Sunday, July 7, 2013

Saving culture...

...or is it saving the earth?  Not sure, but the 'biosphere' seems to be the hot ticket term people know best, and sometimes care more about, after all, it is the sum of all ecosystems.  But what about culture?  As anthropologist Wade Davis puts it...'ethnosphere'.  By definition, perhaps it is sum of all cultural systems.  Davis says:

"...the sum total of all thoughts and intuitions, myths and beliefs, ideas and inspirations brought into being by the human consciousness since the dawn of our existence.  The ethnosphere is humanities greatest legacy.  It is the product of our dreams, the embodiment of our hopes, and the symbol of all that we have created as a wildly imaginative and creative species.

I am curious about all of this as I prepare for yet another journey into the Ecuadorian Amazon, in quest of recording, witnessing, and hopefully, understanding more fully the cultural diversity of indigenous people as seen through their art, in particular ceramics.  Sure, I care deeply about the biosphere, but honestly, I know far less about it than I probably should.  Beyond environmental issues relating to food and life, the biosphere has always been shrouded in a complex web of facts and ideas.  Whereas the ethnosphere seems closer to home for me.  After all, I have spent many years studying art and it's impact on people and culture, and more recently (if over twenty years can be considered more recent), I have been studying the ceramic works of women potters in the Amazon region of Ecuador (this being preceded by years of travel and study of indigenous potters from Mexico and further south, ending up in the Amazon).  So culture, or rather the study of such, is indeed closer to home for me, and something I cherish as a way to better understand others from more remote places and different backgrounds.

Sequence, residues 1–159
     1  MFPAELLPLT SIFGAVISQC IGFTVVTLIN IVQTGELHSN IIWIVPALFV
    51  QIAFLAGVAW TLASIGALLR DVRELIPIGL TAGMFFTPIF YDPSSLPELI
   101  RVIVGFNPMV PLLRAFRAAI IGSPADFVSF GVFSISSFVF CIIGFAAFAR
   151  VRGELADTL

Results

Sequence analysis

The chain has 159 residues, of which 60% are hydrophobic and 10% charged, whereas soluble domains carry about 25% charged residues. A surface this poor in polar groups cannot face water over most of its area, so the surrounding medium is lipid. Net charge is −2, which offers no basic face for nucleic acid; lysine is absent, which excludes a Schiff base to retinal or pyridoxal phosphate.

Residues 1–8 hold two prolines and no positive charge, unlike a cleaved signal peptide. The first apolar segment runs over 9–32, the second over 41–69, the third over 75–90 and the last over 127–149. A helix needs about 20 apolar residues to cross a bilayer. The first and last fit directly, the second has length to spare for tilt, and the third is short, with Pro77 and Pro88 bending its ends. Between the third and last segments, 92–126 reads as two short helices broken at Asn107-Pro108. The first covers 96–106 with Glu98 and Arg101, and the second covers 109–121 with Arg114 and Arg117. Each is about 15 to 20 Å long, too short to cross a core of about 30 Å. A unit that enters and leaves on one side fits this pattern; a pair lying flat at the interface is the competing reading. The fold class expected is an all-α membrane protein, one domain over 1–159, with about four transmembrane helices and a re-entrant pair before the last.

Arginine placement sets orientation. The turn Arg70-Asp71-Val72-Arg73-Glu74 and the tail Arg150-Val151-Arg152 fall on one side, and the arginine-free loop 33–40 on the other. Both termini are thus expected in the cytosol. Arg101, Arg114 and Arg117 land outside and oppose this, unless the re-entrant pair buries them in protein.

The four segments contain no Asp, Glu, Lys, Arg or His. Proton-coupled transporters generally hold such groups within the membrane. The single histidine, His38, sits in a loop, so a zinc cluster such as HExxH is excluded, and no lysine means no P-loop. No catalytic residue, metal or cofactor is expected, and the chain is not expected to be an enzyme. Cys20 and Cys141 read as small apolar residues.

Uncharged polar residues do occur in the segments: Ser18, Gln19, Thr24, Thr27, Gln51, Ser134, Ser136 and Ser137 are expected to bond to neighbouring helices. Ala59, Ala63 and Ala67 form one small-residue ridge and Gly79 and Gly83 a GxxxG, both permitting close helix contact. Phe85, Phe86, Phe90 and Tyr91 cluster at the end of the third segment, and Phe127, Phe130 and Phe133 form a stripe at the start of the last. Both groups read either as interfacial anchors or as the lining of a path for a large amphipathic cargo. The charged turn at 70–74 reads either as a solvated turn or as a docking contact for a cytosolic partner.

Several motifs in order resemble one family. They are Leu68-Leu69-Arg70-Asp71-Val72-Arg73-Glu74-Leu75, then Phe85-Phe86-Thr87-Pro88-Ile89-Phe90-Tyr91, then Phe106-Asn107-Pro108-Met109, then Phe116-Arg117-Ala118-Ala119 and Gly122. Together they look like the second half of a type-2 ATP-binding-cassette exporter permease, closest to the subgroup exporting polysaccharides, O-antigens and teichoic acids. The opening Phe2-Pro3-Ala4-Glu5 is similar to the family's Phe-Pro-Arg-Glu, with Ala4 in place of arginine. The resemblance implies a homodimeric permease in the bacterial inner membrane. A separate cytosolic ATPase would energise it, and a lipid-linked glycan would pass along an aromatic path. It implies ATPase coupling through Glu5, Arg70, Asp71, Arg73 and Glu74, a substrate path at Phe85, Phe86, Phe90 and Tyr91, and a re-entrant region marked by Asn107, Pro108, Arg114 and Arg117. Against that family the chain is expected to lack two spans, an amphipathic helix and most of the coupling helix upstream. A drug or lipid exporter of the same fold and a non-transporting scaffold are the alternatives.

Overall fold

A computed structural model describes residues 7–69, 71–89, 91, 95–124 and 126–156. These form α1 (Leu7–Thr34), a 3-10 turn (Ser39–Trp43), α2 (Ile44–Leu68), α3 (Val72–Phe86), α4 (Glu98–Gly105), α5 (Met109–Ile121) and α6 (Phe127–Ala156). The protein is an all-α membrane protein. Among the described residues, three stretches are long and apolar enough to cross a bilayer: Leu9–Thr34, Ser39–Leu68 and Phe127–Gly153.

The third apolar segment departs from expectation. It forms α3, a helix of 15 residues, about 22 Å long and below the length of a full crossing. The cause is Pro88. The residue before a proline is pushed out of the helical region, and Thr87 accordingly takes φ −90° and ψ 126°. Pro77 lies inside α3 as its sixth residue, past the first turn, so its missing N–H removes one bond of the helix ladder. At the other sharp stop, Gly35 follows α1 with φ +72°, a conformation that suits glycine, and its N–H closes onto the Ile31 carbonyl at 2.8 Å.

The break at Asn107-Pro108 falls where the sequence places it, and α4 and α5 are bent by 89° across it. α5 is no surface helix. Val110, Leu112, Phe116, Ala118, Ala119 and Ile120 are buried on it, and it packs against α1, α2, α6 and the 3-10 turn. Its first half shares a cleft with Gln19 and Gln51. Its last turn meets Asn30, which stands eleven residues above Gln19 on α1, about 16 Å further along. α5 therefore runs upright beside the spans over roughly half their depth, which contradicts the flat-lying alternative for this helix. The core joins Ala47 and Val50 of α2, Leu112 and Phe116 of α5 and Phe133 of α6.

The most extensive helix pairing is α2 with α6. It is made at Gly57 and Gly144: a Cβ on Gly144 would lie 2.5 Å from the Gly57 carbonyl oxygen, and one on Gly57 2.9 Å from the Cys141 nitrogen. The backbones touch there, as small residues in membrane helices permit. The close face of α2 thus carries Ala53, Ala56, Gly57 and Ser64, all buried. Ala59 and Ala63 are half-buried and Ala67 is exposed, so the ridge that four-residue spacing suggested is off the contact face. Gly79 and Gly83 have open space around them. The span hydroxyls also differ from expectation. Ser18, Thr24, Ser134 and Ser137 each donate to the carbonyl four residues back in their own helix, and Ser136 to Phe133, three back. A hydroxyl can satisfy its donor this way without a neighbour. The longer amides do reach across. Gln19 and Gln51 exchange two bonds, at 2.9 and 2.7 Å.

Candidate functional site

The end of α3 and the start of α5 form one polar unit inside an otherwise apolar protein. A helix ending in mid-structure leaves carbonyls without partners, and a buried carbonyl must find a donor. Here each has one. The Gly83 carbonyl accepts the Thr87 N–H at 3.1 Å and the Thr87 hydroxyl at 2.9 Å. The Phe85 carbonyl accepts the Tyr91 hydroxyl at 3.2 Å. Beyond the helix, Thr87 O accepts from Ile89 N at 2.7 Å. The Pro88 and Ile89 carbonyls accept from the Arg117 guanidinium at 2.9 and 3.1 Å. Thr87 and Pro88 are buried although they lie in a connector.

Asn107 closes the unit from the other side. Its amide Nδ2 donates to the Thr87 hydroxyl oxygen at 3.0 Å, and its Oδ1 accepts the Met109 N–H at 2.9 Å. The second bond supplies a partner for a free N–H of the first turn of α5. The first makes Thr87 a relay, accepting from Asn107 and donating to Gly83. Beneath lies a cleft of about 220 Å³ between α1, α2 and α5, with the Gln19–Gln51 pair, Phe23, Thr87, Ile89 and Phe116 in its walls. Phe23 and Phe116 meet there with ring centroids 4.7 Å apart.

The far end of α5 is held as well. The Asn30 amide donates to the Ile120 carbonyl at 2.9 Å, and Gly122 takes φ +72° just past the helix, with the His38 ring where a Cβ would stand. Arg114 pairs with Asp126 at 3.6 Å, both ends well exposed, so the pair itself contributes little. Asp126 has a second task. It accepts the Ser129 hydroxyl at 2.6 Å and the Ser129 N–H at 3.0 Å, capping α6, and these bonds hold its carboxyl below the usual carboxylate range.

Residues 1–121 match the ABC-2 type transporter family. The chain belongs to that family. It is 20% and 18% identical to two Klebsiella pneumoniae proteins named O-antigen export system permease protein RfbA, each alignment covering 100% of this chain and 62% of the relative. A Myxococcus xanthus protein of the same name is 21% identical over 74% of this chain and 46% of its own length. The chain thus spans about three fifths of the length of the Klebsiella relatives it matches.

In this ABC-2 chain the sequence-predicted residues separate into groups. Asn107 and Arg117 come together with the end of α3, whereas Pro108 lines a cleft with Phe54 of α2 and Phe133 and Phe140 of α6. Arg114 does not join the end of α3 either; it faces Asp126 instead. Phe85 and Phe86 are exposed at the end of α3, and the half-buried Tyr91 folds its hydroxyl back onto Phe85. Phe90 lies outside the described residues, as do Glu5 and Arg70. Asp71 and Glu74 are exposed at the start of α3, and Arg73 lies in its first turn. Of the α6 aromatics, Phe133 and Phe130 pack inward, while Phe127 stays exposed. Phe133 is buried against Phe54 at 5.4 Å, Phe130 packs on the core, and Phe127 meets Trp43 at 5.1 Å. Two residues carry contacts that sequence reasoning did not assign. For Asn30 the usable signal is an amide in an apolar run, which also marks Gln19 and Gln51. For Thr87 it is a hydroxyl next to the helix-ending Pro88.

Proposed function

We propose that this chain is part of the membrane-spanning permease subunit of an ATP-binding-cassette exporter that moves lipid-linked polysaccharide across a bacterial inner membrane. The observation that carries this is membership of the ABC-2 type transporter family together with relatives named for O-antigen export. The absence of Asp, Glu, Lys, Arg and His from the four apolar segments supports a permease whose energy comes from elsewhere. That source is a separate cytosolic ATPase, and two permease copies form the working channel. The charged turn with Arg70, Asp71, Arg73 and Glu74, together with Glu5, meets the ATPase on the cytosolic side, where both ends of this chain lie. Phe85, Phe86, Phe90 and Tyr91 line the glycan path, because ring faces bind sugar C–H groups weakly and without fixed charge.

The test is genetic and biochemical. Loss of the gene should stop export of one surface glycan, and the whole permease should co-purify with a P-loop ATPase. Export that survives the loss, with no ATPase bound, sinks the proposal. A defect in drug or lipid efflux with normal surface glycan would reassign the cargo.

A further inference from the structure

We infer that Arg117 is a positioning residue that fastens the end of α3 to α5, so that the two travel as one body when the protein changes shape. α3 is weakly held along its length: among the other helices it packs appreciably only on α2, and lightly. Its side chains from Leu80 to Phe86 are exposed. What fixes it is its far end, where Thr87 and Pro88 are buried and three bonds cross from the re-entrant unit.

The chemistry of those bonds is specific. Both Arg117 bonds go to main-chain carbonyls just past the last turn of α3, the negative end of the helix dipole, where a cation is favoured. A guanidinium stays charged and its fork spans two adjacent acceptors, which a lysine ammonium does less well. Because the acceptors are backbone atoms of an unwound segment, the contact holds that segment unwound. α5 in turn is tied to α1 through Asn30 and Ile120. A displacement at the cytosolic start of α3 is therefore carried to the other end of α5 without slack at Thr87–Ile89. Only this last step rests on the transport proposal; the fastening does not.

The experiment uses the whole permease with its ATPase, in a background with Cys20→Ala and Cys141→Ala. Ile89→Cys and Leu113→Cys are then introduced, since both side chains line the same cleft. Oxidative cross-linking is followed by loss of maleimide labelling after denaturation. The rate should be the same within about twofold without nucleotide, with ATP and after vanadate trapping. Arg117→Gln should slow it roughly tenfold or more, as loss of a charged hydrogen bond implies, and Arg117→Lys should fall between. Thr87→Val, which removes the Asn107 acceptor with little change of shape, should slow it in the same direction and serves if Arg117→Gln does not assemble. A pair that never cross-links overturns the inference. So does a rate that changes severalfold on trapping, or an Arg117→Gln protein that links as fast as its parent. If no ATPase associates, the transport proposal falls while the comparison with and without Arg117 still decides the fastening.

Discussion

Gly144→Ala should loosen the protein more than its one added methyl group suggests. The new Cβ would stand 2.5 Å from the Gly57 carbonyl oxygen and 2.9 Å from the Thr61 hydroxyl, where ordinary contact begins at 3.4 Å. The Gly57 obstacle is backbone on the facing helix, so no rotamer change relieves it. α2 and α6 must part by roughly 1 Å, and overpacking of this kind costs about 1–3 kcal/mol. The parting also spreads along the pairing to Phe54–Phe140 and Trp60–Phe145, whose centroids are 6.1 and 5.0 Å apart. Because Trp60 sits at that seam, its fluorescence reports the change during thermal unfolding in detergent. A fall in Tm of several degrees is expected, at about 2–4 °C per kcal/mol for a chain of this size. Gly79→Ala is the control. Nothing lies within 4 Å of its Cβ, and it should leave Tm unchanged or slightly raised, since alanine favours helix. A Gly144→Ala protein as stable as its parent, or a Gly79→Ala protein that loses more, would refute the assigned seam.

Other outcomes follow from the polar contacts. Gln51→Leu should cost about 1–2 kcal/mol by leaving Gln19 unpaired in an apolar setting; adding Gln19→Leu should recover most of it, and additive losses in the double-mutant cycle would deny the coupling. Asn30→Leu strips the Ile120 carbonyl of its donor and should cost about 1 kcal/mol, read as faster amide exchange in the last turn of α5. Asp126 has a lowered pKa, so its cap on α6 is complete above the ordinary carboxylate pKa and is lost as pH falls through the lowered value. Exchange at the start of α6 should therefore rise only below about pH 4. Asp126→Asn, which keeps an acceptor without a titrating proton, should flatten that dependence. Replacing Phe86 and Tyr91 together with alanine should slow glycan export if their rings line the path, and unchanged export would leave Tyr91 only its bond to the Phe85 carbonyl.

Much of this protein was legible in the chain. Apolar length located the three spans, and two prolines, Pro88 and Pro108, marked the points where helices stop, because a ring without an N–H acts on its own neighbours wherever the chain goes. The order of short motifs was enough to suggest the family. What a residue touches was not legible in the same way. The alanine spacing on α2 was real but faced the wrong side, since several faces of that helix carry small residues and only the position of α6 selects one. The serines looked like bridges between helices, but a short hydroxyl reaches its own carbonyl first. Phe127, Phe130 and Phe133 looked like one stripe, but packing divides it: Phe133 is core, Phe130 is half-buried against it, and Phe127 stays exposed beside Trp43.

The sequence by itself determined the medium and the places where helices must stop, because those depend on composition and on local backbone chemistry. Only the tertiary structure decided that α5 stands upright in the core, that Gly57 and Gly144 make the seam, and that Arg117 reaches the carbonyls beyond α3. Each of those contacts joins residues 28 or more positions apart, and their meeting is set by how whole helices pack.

Culture, to me anyway, is the life blood of human thought and existence.  It is the thing that helps us understand how we, as humans, are both similar and different.  Varying ways to live, eat, love, laugh, cry, etc., all help underscore our diversity and similarities.  Watching potters make pots in the jungle can be a most humbling experience, especially knowing they have no formal art degrees, sophisticated materials or techniques.  Yet the products they produce are honest, direct, meaningful and relevant.  They help describe a people in a most unique manner, with little ego entering into the equation.  Awesome to witness, and wonderful to enjoy.  Pottery is my reason (or is it excuse) to be part of their lives.

More thoughts and information on the potters of the Amazon can be found in an article I have written with my friend and research partner Richard Burkett (photos by us and Nan Coffin) in the upcoming issue of Studio Potter magazine.  The theme of this next issue is 'Indigenous', and our contributions to this issue will hopefully add some dimension to the term and all it implies.  A digital sample can be found at:

young Andoan girl

painted mucawa

chicha storage containers

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